Query: NC_002488:1812696 Xylella fastidiosa 9a5c, complete genome Lineage: Xylella fastidiosa; Xylella; Xanthomonadaceae; Xanthomonadales; Proteobacteria; Bacteria General Information: This strain was derived from a pathogenic strain (8.1b) isolated in 1992 in France that had come from infected twigs derived from the sweet orange strain Valencia in Brazil in the same year. This organism was first identified in 1993 as the causal agent of citrus variegated chlorosis, a disease that affects varieties of sweet oranges. Other strains of this species cause a range of diseases in mulberry, pear, almond, elm, sycamore, oak, maple, pecan and coffee which collectively result in multimillion dollar devastation of economically important plants. Xylella fastidiosa is similar to Xanthomonas campestris pv. campestris in that it produces a wide variety of pathogenic factors for colonization in a host-specific manner including a large number of fimbrial and afimbrial adhesins for attachment. It does not contain a type III secretion system, but possesses genes for a type II secretion system for export of exoenzymes that degrade the plant cell wall and allow the bacterium to colonize the plant xylem.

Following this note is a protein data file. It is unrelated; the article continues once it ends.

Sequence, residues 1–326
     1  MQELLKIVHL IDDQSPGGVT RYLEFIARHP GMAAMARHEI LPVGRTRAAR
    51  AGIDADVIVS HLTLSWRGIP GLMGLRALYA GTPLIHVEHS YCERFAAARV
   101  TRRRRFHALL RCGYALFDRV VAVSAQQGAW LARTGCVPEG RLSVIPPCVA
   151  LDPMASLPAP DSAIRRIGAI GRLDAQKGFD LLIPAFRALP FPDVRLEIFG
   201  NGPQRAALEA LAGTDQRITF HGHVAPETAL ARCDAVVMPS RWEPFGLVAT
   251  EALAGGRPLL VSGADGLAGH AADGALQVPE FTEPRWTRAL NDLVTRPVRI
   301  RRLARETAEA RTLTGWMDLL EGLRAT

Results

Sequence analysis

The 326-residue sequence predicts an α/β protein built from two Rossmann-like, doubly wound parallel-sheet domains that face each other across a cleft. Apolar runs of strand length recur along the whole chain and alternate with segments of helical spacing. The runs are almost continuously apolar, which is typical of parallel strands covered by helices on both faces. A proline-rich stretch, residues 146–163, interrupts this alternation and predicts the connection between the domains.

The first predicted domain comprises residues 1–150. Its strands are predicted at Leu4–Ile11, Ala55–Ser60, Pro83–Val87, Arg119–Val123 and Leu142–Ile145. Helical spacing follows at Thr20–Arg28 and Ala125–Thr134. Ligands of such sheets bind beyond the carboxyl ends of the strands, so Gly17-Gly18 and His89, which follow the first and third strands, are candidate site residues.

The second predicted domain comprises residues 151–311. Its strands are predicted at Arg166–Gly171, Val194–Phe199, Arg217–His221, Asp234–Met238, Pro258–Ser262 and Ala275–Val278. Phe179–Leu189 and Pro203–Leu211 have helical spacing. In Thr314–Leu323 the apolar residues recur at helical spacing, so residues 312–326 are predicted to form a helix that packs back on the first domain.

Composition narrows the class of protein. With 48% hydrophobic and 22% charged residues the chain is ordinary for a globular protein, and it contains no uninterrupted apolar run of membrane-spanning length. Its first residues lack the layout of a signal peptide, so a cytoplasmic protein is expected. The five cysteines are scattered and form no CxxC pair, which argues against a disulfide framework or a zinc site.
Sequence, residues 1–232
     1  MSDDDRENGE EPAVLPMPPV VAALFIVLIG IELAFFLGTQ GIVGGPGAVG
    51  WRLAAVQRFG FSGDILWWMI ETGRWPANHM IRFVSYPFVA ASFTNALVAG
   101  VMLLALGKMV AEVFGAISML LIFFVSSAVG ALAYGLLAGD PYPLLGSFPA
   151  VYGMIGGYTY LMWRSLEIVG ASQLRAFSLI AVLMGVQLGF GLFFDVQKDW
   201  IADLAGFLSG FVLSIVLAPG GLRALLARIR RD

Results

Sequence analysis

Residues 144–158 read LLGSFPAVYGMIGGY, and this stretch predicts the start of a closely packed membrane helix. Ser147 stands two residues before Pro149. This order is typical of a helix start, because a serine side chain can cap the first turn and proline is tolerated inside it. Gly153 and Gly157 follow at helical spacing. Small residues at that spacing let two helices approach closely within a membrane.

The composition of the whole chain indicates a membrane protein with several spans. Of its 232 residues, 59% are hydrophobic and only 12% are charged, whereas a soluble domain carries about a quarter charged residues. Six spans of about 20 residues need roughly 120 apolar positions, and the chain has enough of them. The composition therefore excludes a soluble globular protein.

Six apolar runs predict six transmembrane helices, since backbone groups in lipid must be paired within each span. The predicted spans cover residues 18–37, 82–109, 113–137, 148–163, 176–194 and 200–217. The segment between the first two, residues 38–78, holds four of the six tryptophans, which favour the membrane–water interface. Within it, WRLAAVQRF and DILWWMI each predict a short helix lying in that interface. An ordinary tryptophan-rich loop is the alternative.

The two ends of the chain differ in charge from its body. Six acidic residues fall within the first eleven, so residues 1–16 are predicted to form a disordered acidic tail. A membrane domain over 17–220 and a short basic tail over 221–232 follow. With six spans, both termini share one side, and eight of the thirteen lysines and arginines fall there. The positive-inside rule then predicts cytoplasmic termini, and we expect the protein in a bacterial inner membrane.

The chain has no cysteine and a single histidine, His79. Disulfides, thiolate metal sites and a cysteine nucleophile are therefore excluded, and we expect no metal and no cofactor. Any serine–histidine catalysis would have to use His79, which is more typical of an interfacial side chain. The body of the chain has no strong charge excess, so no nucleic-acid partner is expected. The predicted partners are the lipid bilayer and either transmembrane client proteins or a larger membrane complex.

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General Information: Salmonella enterica subsp. enterica serovar Newport is common worldwide. Outbreak investigations and targeted studies have identified dairy cattle as the main reservoir this serotype. The SL254 strain is an MDR strain from one of two distinct lineages of the Newport serovar. Causes enteric infections. This group of Enterobactericiae have pathogenic characteristics and are one of the most common causes of enteric infections (food poisoning) worldwide. They were named after the scientist Dr. Daniel Salmon who isolated the first organism, Salmonella choleraesuis, from the intestine of a pig. The presence of several pathogenicity islands (PAIs) that encode various virulence factors allows Salmonella spp. to colonize and infect host organisms. There are two important PAIs, Salmonella pathogenicity island 1 and 2 (SPI-1 and SPI-2) that encode two different type III secretion systems for the delivery of effector molecules into the host cell that result in internalization of the bacteria which then leads to systemic spread.